The sunset was lovely.  That night, the temperature plummeted.  We heard several loud bangs, almost like that of a shotgun.  David soon figured out that the bridge we were parked next to was popping and cracking as it moved, adjusting to the temperature.

Sunset on the Trans-Lab
Boondocked on the Trans-Lab
On Saturday we continued our drive and saw our first black bear along the roadside.  I pulled out the camera and was able to take only two shots before another vehicle passed us, scaring the little bear into the woods.  It was the first vehicle we had seen all day!

Bear near Goose Bay, Labrador
We arrived in Goose Bay early in the afternoon.  The town has quite a history.  It once was a refueling stop for WWII pilots ferrying planes and supplies to Europe during the war.  We discovered that Goose Bay seems split into two sections.  Take a left at the intersection to visit the older part of town or a right to visit the newer section.  The newer section boasts a Tim Horton’s (great coffee), a new medical facility, and cheaper gasoline. 

Goose Bay, Labrador
Thankfully, the town also has good water.  Our water tank was running extremely low.  We had been fearful of refilling it because of all of the boil orders we had encountered throughout the Cape Breton area of Nova Scotia, all through Newfoundland, and on the Labrador Coastal Trail.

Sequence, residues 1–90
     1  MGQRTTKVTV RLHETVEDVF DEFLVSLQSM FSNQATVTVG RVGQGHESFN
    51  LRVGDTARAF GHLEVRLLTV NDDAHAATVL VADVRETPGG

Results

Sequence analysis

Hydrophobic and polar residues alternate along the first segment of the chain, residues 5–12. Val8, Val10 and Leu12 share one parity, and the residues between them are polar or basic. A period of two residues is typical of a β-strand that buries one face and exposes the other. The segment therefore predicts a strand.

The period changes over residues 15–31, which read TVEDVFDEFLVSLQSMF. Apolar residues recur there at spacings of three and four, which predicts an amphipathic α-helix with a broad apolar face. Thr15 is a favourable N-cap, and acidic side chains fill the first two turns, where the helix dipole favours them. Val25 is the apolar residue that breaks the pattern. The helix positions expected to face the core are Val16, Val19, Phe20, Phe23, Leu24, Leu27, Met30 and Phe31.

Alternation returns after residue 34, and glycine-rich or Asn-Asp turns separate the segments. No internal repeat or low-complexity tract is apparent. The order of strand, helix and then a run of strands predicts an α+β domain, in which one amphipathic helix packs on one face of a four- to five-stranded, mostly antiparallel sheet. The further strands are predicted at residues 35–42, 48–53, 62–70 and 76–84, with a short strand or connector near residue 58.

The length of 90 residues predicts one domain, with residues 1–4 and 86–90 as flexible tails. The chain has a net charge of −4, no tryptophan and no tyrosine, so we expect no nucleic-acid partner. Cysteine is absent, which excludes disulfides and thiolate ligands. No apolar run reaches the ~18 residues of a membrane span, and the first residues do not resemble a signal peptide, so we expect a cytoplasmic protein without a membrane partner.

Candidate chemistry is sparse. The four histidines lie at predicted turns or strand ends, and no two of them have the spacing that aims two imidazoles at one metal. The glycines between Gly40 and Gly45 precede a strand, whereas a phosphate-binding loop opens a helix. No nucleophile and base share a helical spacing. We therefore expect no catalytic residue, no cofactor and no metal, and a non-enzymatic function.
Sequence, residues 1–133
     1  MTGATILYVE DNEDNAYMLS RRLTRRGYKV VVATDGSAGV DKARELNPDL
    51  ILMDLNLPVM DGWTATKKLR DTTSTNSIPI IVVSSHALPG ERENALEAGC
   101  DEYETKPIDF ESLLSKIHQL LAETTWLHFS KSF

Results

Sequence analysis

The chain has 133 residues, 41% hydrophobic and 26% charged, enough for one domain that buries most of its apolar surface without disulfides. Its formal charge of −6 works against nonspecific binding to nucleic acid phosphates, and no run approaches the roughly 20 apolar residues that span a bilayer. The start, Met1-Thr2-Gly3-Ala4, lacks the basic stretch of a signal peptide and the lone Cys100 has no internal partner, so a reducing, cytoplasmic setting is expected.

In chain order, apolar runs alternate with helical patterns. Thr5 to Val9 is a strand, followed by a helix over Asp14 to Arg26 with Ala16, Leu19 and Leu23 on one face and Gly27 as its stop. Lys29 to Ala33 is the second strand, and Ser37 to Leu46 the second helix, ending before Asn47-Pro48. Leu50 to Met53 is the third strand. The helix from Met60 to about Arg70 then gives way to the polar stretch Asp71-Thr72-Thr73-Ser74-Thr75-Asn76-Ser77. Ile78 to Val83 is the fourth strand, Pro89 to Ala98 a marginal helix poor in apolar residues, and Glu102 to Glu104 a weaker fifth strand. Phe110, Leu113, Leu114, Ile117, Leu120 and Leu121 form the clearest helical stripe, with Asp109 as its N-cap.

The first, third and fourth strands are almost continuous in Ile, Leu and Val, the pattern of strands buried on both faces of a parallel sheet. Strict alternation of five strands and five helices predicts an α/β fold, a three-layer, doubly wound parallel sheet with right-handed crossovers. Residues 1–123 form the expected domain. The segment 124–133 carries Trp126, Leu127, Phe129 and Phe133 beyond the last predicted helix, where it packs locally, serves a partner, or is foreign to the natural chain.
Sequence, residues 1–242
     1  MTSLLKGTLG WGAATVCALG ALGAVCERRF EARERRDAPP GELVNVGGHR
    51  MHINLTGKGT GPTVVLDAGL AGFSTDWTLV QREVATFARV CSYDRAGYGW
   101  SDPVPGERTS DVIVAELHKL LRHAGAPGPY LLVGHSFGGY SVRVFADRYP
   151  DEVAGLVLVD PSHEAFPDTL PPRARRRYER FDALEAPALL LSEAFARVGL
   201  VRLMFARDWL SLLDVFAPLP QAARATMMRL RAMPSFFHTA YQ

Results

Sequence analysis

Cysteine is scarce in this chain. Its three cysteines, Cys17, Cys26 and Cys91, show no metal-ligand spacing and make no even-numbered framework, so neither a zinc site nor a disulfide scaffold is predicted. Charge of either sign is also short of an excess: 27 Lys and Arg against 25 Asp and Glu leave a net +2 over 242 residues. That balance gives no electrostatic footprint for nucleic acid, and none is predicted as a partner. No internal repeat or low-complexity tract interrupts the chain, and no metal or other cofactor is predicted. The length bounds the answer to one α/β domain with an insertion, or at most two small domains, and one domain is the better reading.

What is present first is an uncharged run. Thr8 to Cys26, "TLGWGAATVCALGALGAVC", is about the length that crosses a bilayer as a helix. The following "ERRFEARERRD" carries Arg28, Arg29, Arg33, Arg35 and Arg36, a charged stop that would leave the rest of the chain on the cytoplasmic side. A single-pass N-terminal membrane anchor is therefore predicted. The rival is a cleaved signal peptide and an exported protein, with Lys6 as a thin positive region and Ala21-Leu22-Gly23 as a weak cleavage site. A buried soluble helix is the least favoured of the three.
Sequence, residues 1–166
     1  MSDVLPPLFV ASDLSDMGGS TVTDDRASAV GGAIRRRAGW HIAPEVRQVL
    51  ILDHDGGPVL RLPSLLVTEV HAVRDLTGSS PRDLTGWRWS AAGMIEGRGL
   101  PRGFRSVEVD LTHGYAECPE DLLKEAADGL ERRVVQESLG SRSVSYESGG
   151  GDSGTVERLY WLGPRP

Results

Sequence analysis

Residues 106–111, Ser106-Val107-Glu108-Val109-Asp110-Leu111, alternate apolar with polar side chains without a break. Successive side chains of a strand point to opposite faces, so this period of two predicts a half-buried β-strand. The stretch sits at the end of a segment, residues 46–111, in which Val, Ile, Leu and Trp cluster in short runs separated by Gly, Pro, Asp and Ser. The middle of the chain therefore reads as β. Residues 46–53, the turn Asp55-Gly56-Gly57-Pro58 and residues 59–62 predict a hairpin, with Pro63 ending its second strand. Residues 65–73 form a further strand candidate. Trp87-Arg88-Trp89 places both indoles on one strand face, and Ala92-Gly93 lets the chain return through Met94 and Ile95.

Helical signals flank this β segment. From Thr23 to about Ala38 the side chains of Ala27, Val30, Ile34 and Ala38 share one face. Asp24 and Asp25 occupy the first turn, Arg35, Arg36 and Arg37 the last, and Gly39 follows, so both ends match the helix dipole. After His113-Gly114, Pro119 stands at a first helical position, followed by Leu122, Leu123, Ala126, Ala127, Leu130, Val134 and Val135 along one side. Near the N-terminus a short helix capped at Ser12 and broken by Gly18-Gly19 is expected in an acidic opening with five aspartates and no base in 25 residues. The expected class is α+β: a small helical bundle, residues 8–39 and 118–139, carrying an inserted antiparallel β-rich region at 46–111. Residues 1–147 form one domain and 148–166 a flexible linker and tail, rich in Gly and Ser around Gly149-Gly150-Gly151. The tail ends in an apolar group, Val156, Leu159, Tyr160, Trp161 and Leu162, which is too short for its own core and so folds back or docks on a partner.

We set up camp before three that afternoon at the Goose River Lodge and Campground, about eight clicks north of town, past the ferry terminal.  They had great WiFi access, and we welcomed the clean showers.  During the night, another front moved through the area, bringing heavy rain.

The rain continued throughout Sunday as we drove the Trans-Labrador section of the highway.  The Trans-Lab is the new section of the highway between Goose Bay and Churchill Falls.  There is an older section of highway just outside of Goose Bay, but it quickly runs out and turns into gravel again. We ran into much construction in this area with road crews paving various sections.  Graders maintained the vast gravel sections.  Scars from building the road were quite visible with huge gravel and rock pits along the route as well as large construction camps to house the crews. 

View near Goose Bay, Labrador
We encountered very few other vehicles during the day’s drive.  This section of the Trans-Lab is primarily cut through black spruce with no communities along the route. There are also very few opportunities to access the many beautiful lakes along this route, however, the future may make this section a sportsman’s paradise… if the black flies and gnats don’t run everyone away.

We traveled most of this section in the rain, which slowed us up substantially but also reduced the dust.  The only campground east of Labrador City was reported to be closed, so we traveled on until nearly dusk.  We had read that the Duley Lake Family Campground west of Lab City would be a good place to stop with lots of room available.